Critical Techno-dramaturgy: Mobilizing Embodied Perception in Intermedial Performance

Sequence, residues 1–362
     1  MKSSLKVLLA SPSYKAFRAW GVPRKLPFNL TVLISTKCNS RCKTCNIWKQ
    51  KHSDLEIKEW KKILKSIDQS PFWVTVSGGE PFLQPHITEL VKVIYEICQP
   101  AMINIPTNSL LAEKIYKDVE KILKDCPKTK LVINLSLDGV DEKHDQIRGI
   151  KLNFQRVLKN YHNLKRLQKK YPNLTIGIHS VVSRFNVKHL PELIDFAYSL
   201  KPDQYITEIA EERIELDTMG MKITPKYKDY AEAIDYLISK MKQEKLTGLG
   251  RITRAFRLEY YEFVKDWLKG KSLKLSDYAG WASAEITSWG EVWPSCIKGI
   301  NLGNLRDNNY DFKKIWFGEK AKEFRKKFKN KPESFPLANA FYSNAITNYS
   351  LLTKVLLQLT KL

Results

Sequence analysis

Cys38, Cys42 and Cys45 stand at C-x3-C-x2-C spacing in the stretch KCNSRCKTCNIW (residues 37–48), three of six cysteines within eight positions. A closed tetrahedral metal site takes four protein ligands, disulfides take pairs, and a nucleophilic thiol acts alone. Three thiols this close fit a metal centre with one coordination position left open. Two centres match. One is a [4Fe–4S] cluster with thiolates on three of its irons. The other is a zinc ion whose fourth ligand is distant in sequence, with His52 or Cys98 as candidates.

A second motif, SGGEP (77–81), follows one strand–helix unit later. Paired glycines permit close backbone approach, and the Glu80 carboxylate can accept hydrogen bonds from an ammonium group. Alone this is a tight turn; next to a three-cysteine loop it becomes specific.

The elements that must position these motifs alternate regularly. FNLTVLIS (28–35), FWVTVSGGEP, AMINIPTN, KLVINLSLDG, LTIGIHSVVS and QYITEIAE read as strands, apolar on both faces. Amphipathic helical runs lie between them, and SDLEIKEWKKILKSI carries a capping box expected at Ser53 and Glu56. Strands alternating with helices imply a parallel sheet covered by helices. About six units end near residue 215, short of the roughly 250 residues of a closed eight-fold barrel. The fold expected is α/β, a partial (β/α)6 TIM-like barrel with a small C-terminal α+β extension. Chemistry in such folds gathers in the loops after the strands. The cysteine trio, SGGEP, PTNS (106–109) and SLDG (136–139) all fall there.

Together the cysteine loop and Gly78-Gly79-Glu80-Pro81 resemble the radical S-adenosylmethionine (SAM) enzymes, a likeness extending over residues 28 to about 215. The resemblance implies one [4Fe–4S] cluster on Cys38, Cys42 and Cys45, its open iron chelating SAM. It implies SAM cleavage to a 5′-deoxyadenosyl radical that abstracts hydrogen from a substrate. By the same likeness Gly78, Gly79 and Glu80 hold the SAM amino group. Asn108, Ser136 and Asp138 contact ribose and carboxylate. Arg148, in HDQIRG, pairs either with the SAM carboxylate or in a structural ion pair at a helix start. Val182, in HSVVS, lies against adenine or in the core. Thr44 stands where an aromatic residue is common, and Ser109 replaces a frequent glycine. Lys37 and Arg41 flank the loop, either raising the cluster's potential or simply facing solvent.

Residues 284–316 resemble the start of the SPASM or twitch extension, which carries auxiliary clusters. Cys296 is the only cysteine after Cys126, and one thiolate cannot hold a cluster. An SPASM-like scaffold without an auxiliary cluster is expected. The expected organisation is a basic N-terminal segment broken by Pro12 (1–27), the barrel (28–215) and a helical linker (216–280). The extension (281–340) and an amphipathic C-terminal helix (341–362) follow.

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This dissertation attends to the ways in which the deployment of technological devices in twenty-first-century intermedial performance might influence the audience members’ perception of the relationship between humans and technology. Drawing upon the work of scholars in the fields of new media, performance studies, and the philosophy of technology, I argue that intermedial performance artists reinvigorate the role of the human body in performance by mobilizing embodiment as a techno-dramaturgical strategy for shaping the audience members’ perception of human-machine interaction. Chapter One surveys the history of performance and technology from the ancient Greek theatre to twentieth-century performance, with particular emphasis on the conceptual significance of techne and poiesis in dramatic theatre. Chapter Two examines the theories of intermediality in performance as well as the co-evolutionary relationship between human beings and technicity in order to delineate the analytical and dramaturgical potential of an original conceptual framework known as critical techno-dramaturgy. Chapter Three explores the interplay between embodiment, technology, and space in intermedial performance and its effects on the audience members’ awareness of their embodied existence as they navigate the cityscape with bicycles, handheld computers, and mobile phones. Chapter Four investigates the intersection of performance and techno-anxiety by looking at how intelligent machines that appear to perform autonomously might affect the audience members’ perception of these anthropomorphic technological agents in relation to their own bodies. Chapter Five examines how the construction of the “cyborg” as both a conceptual metaphor for and a material instantiation of human-machine “fusion” could impact the prosthetic relations between persons with disabilities and the technological devices that they employ in intermedial performance. Finally, Chapter Six looks at my involvement in the production of an original creative project that uses critical techno-dramaturgy as a strategy for shaping the audience members’ perception of the complicity between digital media (particularly video technology) and the mediation of death.